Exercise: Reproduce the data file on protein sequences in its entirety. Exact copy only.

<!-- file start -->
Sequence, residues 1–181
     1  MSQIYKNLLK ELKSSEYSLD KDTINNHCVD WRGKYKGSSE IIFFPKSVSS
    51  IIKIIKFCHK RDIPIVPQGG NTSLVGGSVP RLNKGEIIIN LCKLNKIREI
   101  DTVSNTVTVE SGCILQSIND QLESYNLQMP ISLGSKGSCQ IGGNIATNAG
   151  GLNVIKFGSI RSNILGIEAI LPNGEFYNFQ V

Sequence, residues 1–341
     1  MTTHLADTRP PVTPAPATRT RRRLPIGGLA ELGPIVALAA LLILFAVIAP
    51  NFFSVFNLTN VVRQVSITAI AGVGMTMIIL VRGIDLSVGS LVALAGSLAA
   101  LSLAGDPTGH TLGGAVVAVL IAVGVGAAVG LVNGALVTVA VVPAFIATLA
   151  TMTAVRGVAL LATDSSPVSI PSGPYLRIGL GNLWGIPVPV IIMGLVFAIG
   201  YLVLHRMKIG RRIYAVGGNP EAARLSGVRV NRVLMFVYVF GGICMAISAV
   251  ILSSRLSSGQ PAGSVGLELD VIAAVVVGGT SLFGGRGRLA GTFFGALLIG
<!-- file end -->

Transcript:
Sequence, residues 1–181
     1  MSQIYKNLLK ELKSSEYSLD KDTINNHCVD WRGKYKGSSE IIFFPKSVSS
    51  IIKIIKFCHK RDIPIVPQGG NTSLVGGSVP RLNKGEIIIN LCKLNKIREI
   101  DTVSNTVTVE SGCILQSIND QLESYNLQMP ISLGSKGSCQ IGGNIATNAG
   151  GLNVIKFGSI RSNILGIEAI LPNGEFYNFQ V

Sequence, residues 1–341
     1  MTTHLADTRP PVTPAPATRT RRRLPIGGLA ELGPIVALAA LLILFAVIAP
    51  NFFSVFNLTN VVRQVSITAI AGVGMTMIIL VRGIDLSVGS LVALAGSLAA
   101  LSLAGDPTGH TLGGAVVAVL IAVGVGAAVG LVNGALVTVA VVPAFIATLA
   151  TMTAVRGVAL LATDSSPVSI PSGPYLRIGL GNLWGIPVPV IIMGLVFAIG
   201  YLVLHRMKIG RRIYAVGGNP EAARLSGVRV NRVLMFVYVF GGICMAISAV
   251  ILSSRLSSGQ PAGSVGLELD VIAAVVVGGT SLFGGRGRLA GTFFGALLIG